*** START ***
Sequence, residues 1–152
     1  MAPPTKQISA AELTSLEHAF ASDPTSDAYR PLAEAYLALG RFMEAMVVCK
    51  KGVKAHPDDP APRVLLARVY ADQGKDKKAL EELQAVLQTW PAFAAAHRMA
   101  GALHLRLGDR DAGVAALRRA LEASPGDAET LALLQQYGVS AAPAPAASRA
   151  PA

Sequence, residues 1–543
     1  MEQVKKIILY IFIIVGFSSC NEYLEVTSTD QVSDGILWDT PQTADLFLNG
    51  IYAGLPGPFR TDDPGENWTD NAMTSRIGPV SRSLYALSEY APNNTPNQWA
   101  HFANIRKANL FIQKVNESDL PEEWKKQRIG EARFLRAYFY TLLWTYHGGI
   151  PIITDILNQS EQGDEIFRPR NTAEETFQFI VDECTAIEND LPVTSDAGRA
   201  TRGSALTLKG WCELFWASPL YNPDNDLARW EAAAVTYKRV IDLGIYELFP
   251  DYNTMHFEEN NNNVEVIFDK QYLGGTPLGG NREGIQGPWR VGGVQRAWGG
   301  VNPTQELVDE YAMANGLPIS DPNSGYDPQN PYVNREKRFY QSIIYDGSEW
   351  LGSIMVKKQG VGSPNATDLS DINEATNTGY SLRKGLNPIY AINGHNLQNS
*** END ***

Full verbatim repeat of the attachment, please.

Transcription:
Sequence, residues 1–152
     1  MAPPTKQISA AELTSLEHAF ASDPTSDAYR PLAEAYLALG RFMEAMVVCK
    51  KGVKAHPDDP APRVLLARVY ADQGKDKKAL EELQAVLQTW PAFAAAHRMA
   101  GALHLRLGDR DAGVAALRRA LEASPGDAET LALLQQYGVS AAPAPAASRA
   151  PA

Sequence, residues 1–543
     1  MEQVKKIILY IFIIVGFSSC NEYLEVTSTD QVSDGILWDT PQTADLFLNG
    51  IYAGLPGPFR TDDPGENWTD NAMTSRIGPV SRSLYALSEY APNNTPNQWA
   101  HFANIRKANL FIQKVNESDL PEEWKKQRIG EARFLRAYFY TLLWTYHGGI
   151  PIITDILNQS EQGDEIFRPR NTAEETFQFI VDECTAIEND LPVTSDAGRA
   201  TRGSALTLKG WCELFWASPL YNPDNDLARW EAAAVTYKRV IDLGIYELFP
   251  DYNTMHFEEN NNNVEVIFDK QYLGGTPLGG NREGIQGPWR VGGVQRAWGG
   301  VNPTQELVDE YAMANGLPIS DPNSGYDPQN PYVNREKRFY QSIIYDGSEW
   351  LGSIMVKKQG VGSPNATDLS DINEATNTGY SLRKGLNPIY AINGHNLQNS